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Tuesday, July 16, 2013

Something Different from My Studio

I am still passionate about the West Coast, but as I took care of Philip during his long illness, there were no opportunities to travel and collect stories. 


 In 2011 I brought photos back from a Zanzibar vacation and started some paintings depicting the note of sadness and the immense dignity I found in Africa. I asked two friends to be my partners and we organised an exhibition called "Can You Hear the Drums" for  August this year. 


When my husband became ill, I still had a painting to finish. One day I switched to W and N ARTISAN water soluble paints, which have no fumes, and dragged an easel into the bedroom. This painting was made with Philip looking on. He really enjoyed seeing a work being painted from beginning to end. It will go on my exhibition soon. So today, not the West Coast but an African image of a Masai Mom and Son! It will also be available for viewing  here


Thank you for all those very kind sympathetic letters and comments I received after my previous post. I treasure them and have filed all of them to read again and again. The outpouring of love and support is still carrying me along. Love and hugs, Marie Theron.

12 comments:

  1. I love this piece.... It has great color and movement and human-ness!!

    Glad you're getting back "on your feet".

    Be well..

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  2. Thank you, Marian. I painted this many months ago and am still in limbo. But my upcoming exhibition will hopefully inspire me again. Hugs, Marie

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  3. For me it feels like an emotional saga, so truthful and beautiful, they are. The memory of the day you painted this is fresh and cherished through this work, I take inspiration to be brave like you Marie, all the best for your exhibition!

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    1. Thank you for your very kind words, padmaja, you have no idea how I keep re-reading them!

      I am also always so pleased when people understand what I want to say with Africa. I see dignity and resignation, and acceptance of the world they know.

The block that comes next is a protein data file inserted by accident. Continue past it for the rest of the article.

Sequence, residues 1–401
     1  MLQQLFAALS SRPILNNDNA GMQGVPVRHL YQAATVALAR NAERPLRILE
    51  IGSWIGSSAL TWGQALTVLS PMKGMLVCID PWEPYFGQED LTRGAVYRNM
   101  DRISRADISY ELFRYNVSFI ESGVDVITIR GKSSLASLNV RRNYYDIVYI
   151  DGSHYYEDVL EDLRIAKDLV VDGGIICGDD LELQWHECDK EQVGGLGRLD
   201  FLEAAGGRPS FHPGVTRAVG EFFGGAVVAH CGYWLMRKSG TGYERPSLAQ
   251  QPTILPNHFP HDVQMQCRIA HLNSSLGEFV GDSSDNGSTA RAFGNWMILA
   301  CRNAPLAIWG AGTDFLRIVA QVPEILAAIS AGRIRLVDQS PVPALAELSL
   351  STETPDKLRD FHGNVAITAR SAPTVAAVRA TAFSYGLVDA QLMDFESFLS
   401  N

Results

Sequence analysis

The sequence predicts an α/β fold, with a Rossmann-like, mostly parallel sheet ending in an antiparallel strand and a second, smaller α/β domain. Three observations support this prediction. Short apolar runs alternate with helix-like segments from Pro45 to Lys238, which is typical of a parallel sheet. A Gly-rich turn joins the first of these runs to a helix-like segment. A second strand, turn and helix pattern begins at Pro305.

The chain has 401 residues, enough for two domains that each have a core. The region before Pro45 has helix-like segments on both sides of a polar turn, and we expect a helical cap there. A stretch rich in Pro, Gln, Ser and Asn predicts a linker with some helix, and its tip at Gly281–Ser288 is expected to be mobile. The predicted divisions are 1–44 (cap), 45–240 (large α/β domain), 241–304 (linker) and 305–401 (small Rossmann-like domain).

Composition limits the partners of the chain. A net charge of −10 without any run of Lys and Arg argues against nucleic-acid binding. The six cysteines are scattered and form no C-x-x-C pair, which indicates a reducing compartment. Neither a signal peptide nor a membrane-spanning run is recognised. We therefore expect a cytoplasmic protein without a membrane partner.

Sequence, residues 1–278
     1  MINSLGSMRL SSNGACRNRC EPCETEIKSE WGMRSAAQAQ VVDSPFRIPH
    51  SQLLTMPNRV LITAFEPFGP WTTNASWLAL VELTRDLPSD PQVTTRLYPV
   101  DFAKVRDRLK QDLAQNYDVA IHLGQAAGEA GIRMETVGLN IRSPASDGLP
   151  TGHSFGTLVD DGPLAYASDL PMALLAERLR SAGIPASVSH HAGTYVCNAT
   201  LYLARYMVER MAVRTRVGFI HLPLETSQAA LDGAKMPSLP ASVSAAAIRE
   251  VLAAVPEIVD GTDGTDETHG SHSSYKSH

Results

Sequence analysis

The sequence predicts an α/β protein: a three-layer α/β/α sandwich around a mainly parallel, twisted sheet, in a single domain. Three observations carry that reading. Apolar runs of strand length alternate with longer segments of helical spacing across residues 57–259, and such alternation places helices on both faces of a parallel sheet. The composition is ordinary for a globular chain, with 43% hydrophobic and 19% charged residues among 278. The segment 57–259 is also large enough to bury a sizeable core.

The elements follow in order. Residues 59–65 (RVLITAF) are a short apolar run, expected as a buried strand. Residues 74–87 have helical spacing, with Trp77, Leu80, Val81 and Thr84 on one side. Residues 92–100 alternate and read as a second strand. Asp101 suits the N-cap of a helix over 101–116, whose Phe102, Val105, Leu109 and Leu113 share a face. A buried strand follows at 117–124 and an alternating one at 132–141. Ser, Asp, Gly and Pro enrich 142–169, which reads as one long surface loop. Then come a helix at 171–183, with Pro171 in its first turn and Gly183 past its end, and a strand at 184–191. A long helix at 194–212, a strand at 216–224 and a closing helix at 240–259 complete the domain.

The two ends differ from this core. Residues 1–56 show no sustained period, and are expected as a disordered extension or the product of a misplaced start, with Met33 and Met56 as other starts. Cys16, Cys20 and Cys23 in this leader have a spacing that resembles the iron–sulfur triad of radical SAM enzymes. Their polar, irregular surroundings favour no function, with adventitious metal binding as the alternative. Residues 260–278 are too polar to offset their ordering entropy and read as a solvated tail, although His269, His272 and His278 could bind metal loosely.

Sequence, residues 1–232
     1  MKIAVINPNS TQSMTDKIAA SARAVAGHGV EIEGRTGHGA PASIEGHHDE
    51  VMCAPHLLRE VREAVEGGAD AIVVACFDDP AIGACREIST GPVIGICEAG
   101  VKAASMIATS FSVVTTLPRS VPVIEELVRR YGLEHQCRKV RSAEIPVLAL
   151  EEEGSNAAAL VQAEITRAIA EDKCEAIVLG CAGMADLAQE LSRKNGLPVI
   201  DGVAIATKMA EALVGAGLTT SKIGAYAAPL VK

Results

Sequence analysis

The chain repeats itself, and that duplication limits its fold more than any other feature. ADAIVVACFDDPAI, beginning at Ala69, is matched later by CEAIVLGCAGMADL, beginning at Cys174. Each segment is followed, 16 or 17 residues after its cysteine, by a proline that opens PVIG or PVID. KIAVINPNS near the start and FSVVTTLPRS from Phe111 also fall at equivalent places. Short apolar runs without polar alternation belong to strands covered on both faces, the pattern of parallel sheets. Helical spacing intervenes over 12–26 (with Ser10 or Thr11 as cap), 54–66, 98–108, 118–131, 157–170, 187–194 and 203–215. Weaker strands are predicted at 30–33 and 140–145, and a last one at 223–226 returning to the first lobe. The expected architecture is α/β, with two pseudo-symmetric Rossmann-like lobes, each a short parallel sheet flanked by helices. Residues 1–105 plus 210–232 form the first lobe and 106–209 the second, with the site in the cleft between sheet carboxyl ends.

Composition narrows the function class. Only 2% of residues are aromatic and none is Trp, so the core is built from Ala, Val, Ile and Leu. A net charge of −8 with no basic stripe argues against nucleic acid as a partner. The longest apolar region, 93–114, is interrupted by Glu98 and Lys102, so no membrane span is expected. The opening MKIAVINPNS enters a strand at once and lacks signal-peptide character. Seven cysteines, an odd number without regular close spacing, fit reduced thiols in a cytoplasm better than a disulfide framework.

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  4. I find painting a very healing process and hope you do too. Having lived in Africa I fully understand your sentiments which you have captured in this lovely painting. All the best with the exhibition.

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    1. Thank you, Jean. Yes, I will get going again! I am glad you understand my Africa paintings....I call them :Africa in Passing....I am the spectator on the outside, trying to look in.As I have nothing to show about the West Coast, I will place more of Africa.

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  5. This is wonderful Marie and so great that your husband watched you paint it. You will have that memory forever. I hope you are doing well. You're an inspiration. Hugs

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    1. Thank you for your kind comments, Barbara! I sincerely hope that something will come from my Africa paintings.

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  6. I have tried to write with my ipad but it never seems to cooperate. I saw this post and needed to tell you how happy I am that you will be exhibiting. I found this sharing, about Philip witnessing the image being made, poingant and so happy that you had that specialness with him. His spirit willcertainly be with you on exhibiton day! I admire your courage, Marie and especially the sharing of your world in its strength and dignity with us all.

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    1. Hi Cathyann, I am sure once one get used to ipad (will own one in the future, hopefully). There are such super designing software available.

      Thank you for the comments,(and your previous kind letter).Something of Philip's joy is surely in my painting, and also in the exhibition, as he took a flight with me to organize the date. And that is why I must go on and do the show.

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  7. I have to admit, Marie, this post was so emotional yet beautiful to hear that your husband watched you paint this piece...He must have been SO proud of you...this is a gorgeous piece...so colorful...I love it!!! and wish I can go to the exhibit! The best of luck with it.

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    1. Thank you, Hilda. The children feel that I should hang onto the painting, but I have sent it off to be exhibited and hopefully sold.

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